Take Frequent Breaks

One of the best things you can do for yourself while gardening is to take frequent breaks. Not only does this help break up the workload but it will give your joints a break.

You could use your break to kick your feet up and enjoy a snack or you can do a few quick stretches. If you are starting to feel the pain of arthritis a great way to ease the pain is to take a break and ice the area. Fill a bag with ice and wrap it with a soft cloth and then ice the area to help reduce inflammation and swelling.

Change Your Routine

In addition to taking frequent breaks, it’s also important to change your routine. If you’re working on the same task for hours you can put a lot of stress on your joints!

First, know your limit. You need to determine how long you can go working on the same task before it causes you pain. Be sure to switch up what you’re working on every hour or few hours. For example, you can go from weeding your flower bed to walking around the garden watering flowers. Changing your routine will help give your joints a much-needed break.

Drink Lots of Water

Drinking water is so important because it helps your body function properly from digestion and circulation to transporting nutrients and maintaining body temperature. The human body is also made of 60-percent water so it’s important to replenish your body to keep it working as it should.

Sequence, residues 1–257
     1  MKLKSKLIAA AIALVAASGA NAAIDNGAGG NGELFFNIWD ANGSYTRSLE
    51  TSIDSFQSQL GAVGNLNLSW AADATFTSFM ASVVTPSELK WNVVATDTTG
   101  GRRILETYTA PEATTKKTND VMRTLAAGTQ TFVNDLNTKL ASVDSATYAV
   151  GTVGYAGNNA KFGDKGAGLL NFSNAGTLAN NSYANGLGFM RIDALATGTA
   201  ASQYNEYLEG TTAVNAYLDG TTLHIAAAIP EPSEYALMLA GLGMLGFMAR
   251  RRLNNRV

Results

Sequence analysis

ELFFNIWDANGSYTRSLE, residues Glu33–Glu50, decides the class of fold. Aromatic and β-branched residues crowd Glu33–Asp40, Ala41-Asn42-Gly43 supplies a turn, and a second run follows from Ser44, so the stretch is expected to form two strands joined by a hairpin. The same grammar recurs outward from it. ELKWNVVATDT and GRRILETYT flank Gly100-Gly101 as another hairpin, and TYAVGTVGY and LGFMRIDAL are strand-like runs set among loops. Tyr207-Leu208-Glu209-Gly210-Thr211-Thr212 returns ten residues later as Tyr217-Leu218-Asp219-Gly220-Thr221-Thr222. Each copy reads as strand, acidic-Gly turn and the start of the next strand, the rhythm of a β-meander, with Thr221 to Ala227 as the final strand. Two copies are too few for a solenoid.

Gardening can be physically exhausting just like any other workout, so drinking water before, during, and after is a good idea. Water will keep your body hydrated and your joints lubricated which all plays a part in preventing gout attacks. With all of that said, be sure to bring a water bottle out with you before beginning your tasks and take many breaks to drink more water!

Be Strategic About Your Plant Choices

The fun thing about gardening is that there are so many plants to choose from. That said, if you have arthritis you might want to be strategic about your plant choices. Firstly, don’t pick fussy or demanding plants as this will only make more work for you.

When choosing plants try to pick low maintenance varieties as this will not only create less work but will ensure your garden looks its best when you go on holidays or aren’t feeling up to gardening. Some great plant options include lavender, elephant’s ears, and shrubs like escallonia and barberry. You may also want to consider planting wildflowers as they usually don’t need tending. As a bonus, wildflowers will bring wildlife into your garden!

Don’t Be Afraid To Ask For Help

Many gardeners don’t like hiring help but you also need to know your limit. Never be afraid to ask for help even if it’s just to help you with some of the heavy liftings.

Some things you may want to consider getting help with are digging, lifting bags of soil or other heavy items, aerating the lawn, and hauling rocks. Choose people you are comfortable with whether that means you hire a professional or ask family members and friends.

Junior Managing Editor

Clarissa is the Junior Managing Editor of ActiveBeat. She aspires to live a healthy lifestyle by staying active and eating foods that nourish her body, but she isn't afraid to indulge in a little chocolate here and there! Clarissa loves cooking, being outdoors, and spending time with her dog. In her free time, you'll find her relaxing in her hammock or curled up on the couch reading a book.